INDIGO is a 4th pillar that consciously opts for small-scale water projects that can be carried out by the local brousse population using known techniques and that they take on feasible responsibilities so that the sustainability of the project is guaranteed.

It is important to think, organize, work, evaluate and create independence together.

We work in brousse villages around the sand city of Agadez, central Niger, about 1,000 km north of the capital Niamey.

There the families live in huts, there is no running water or electricity.

The women fetch water every day in the river bed, at about 1000m 'outside' the village. There are also vegetable gardens there.

The aim is to bring the water closer to the center of the village. The new water well with water pump is connected by PVC pipes to the newly built water basins in the village. Indigo buys all the material, the locals carry out the works in consultation.

The terms of the collaboration are always explained, the working method and locations discussed during a prospecting village meeting.

INDIGO works around the following SDGs:

SDG 6 - Access to water: by digging the well sufficiently deep, there is relative certainty that there is always enough water.

In addition, the well is cemented so that it does not collapse during that rainy season.

The water basins can store sufficient water reserves for a few days.

SDG 3 - Good health and well-being: if the dispensary can work well and hygienically, it will benefit the local population because the village is too far away from Agadez to seek help there.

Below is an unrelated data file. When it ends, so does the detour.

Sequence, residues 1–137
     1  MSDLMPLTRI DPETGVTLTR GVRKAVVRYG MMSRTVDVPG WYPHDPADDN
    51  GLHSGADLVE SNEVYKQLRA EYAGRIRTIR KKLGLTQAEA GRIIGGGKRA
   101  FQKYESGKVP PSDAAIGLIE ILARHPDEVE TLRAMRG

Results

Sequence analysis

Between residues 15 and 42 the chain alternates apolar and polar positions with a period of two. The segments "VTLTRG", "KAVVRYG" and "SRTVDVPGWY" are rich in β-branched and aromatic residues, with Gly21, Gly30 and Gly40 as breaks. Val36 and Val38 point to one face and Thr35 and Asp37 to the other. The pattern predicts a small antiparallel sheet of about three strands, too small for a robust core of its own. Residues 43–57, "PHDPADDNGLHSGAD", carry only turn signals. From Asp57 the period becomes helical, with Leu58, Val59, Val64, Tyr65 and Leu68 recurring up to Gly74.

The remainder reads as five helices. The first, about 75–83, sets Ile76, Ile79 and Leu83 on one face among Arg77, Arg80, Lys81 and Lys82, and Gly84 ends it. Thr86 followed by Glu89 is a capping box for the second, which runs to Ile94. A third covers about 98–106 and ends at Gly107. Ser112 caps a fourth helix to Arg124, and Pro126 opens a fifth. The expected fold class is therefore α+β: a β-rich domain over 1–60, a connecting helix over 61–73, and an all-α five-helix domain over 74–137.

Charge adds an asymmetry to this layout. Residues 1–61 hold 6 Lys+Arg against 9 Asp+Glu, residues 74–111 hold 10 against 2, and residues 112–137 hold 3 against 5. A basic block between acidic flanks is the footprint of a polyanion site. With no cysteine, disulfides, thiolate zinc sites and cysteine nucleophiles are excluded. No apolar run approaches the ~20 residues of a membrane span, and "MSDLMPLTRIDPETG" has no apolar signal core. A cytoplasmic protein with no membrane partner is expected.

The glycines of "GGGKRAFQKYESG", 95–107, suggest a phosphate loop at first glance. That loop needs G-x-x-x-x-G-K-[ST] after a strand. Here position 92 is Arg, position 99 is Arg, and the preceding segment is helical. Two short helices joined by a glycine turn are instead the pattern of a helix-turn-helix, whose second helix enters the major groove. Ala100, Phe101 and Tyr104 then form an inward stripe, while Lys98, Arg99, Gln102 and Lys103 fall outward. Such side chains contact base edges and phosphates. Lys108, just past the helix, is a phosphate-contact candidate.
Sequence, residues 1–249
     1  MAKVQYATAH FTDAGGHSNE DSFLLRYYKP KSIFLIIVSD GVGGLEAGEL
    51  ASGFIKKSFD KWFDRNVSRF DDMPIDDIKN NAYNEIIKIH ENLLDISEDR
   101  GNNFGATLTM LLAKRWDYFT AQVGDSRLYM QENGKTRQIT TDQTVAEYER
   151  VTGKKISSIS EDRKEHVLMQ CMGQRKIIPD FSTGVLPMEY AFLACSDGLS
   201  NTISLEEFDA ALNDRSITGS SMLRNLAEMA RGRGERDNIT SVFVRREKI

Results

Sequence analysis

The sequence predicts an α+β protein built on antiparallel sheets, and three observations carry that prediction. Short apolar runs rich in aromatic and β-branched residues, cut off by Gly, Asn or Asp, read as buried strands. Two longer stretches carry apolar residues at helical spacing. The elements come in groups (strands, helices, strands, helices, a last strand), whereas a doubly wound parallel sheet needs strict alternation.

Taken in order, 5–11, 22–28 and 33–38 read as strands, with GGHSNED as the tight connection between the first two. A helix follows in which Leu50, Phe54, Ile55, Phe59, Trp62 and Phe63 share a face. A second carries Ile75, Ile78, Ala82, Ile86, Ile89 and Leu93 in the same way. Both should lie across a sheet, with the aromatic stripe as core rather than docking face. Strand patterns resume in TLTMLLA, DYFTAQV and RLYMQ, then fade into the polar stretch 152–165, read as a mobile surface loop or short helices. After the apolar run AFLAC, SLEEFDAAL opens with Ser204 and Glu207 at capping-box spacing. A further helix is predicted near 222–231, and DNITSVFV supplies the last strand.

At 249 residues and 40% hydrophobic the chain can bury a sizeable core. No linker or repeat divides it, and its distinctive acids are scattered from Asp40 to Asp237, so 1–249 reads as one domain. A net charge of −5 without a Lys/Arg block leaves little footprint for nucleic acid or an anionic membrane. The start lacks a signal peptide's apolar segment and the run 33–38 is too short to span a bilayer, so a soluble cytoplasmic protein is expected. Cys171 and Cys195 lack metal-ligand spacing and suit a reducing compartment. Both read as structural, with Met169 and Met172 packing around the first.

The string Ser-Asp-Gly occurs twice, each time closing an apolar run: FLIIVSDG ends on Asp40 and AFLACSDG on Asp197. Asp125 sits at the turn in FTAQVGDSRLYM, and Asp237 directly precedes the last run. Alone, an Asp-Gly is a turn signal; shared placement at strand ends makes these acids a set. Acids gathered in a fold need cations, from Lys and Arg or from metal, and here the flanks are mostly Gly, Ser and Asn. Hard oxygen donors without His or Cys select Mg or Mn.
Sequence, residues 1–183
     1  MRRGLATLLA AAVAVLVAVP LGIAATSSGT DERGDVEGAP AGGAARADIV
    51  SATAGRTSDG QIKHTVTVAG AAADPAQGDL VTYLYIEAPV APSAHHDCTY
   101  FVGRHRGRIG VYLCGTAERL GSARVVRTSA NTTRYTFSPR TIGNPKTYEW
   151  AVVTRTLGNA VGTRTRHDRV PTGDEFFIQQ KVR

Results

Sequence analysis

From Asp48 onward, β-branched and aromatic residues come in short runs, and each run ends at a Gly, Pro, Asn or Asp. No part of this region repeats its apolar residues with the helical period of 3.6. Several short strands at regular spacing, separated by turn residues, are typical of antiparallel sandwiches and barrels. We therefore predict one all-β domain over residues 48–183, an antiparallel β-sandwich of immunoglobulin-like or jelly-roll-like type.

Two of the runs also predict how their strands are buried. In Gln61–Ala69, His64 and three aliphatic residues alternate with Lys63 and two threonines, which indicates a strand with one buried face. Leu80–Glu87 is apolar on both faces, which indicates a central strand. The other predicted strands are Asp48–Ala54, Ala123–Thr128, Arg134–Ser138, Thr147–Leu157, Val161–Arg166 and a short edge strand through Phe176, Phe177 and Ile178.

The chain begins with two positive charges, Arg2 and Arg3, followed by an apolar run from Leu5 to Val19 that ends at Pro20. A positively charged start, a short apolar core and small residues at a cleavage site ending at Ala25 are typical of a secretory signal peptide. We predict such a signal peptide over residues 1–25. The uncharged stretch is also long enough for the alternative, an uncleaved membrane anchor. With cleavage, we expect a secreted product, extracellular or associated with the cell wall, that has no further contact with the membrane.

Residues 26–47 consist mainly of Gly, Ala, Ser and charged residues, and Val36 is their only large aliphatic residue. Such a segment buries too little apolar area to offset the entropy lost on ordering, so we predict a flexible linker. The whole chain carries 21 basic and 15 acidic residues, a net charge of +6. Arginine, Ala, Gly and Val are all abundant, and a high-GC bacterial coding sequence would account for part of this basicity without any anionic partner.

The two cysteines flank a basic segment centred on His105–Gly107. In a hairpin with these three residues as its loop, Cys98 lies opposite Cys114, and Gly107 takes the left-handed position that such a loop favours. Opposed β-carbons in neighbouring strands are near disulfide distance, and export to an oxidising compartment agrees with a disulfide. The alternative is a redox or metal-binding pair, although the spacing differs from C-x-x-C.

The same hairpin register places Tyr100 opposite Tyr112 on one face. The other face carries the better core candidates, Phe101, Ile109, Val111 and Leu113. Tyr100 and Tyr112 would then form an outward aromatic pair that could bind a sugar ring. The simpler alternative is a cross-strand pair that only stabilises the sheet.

SDG 17- Partnership: by discussing and recording the project, collaborating and evaluating the project, it promotes their partnership in the project and, above all, the acceptance of responsibility by the entire village.

We also promote indirectly through these water projects

SDG 4 - education, because more children can go to school instead of getting water; because the school is also connected to the well

SDG 11 - sustainable communities, mainly because of the relative certainty that water is always available and that 'the village' must not move in search of water.

The application for a project comes from the village itself. This always shows that the community is aware of their contribution to a successful project.

Sustainable access to water increases the chances of survival in the dry and hot broth villages.

The project's self-reliance and independence is based on a local proposal to establish 'management committees'. They are responsible for collecting a small contribution (reserve money), the cleanliness around the water basins and the care for the project.

By using known techniques and materials, the local population can, if necessary, be responsible for finding solutions.

The projects are embedded in society because of mutual cooperation and trust.

The projects are supported by the local population because ‘known and manageable techniques’ are used:
- manual digging and cementing well
- building the water basins
- connecting the water well with the water basins by excavating the route and installing the PVC pipes

AMAN IMAN...water is life

Indigo - Plein 55 - 8500 Kortrijk